Editorial: Put Council under lens of effective inspector general

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We thought the City Council was going to put installing an effective inspector general on its list of New Year’s resolutions — a year ago. Maybe even the year before that.

But the Council engaged in its trademarked foot-dragging until Nov. 16, when former City Council Inspector General Faisal Khan’s four-year term ran out. Since then, there hasn’t been a Council inspector general at all.

Now, some aldermen are planning a showdown next week in hopes of getting a competent and empowered City Council watchdog. They want to expand Inspector General Joe Ferguson’s authority — now limited to other parts of city government — to include investigating aldermen and their employees. The aldermen should stick to their guns, and other aldermen should join them. The city needs this to happen.

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This is a Council that has seen 29 aldermen convicted of felonies since 1972. It could use an inspector general who knows how to sniff out corruption. It’s also a Council that late last year signed off on the biggest property tax hike Chicago has ever seen. An inspector general who exposes wasteful spending will reassure taxpayers that the extra revenue from the tax hike will be used efficiently.

The Council’s previous attempt at installing a legislative inspector general descended into farce, by design. Khan didn’t have a big enough budget. He couldn’t accept anonymous complaints. Any investigation had to get a stamp of approval from the Board of Ethics. The target of any investigation had to be told in advance. All in all, the Council did a good job of making sure its inspector general wouldn’t rock the boat.

A plan to replace Khan by expanding the reach of Ferguson’s office has languished in the Council, bottled up by aldermen who don’t like it. In response, some aldermen are dusting off “Rule 41,” which allows a majority of alderman to vote to extract an ordinance that has been bottled up in committee for at least 60 days. The ordinance has provisions to guard against executive branch overreach and ensures that aldermen would have a meaningful say in the hiring of future IG’s.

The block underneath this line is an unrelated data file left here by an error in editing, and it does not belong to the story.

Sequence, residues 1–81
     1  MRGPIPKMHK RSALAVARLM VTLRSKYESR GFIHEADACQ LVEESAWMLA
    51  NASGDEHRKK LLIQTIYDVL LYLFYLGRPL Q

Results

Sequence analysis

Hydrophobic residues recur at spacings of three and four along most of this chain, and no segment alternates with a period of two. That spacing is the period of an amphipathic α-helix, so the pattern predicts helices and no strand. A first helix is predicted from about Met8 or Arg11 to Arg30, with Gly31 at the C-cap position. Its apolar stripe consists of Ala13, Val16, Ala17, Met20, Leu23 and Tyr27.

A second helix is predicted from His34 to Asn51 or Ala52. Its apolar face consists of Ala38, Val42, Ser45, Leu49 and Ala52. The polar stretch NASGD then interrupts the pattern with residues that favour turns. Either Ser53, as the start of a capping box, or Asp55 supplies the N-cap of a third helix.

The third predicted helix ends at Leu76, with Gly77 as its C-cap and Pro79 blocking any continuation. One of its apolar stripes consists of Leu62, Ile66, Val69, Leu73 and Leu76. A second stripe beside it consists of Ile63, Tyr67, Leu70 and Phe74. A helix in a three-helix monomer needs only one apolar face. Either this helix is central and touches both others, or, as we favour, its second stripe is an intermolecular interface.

Ald. Michele Smith (43rd) said Wednesday she has gathered signatures from 26 aldermen — a majority — to use Rule 41 to get the ordinance onto the Council floor, where it finally would get an up or down vote. Since then, additional aldermen have indicated they will climb aboard. If the pledges translate into votes, that will be enough to pass the ordinance.

But this is the Chicago City Council, where historically votes have switched at the last moment. Aldermen who say they back a Rule 41 procedure may be missing in action when the actual vote rolls around. A politically weakened Mayor Rahm Emanuel isn’t expected to be able to twist many arms on this one.

Finance Committee Chairman Edward Burke (14th) and Budget Committee Chairman Carrie Austin (34th) have made no secret of their distaste for expanding Ferguson’s office to cover the Council. They want to keep Ferguson’s office at a distance and replace Kahn with another separate IG who will oversee only the Council. If that is the option the Council selects in the end, it must ensure the new IG is given the budget and authority necessary to succeed.

On Friday, Ald. Patrick J. O’Connor (40th) said more than 30 aldermensupport putting to Council under the purview of Ferguson’s office and that he expects that option to be the only one considered at Monday’s meeting of the Committee on Workforce Development. He predicted it will beapproved by the full Council on Wednesday.

By making such a mess of the inspector general’s office, the Council has hardly inspired confidence. It’s time for aldermen to show they can get this right.

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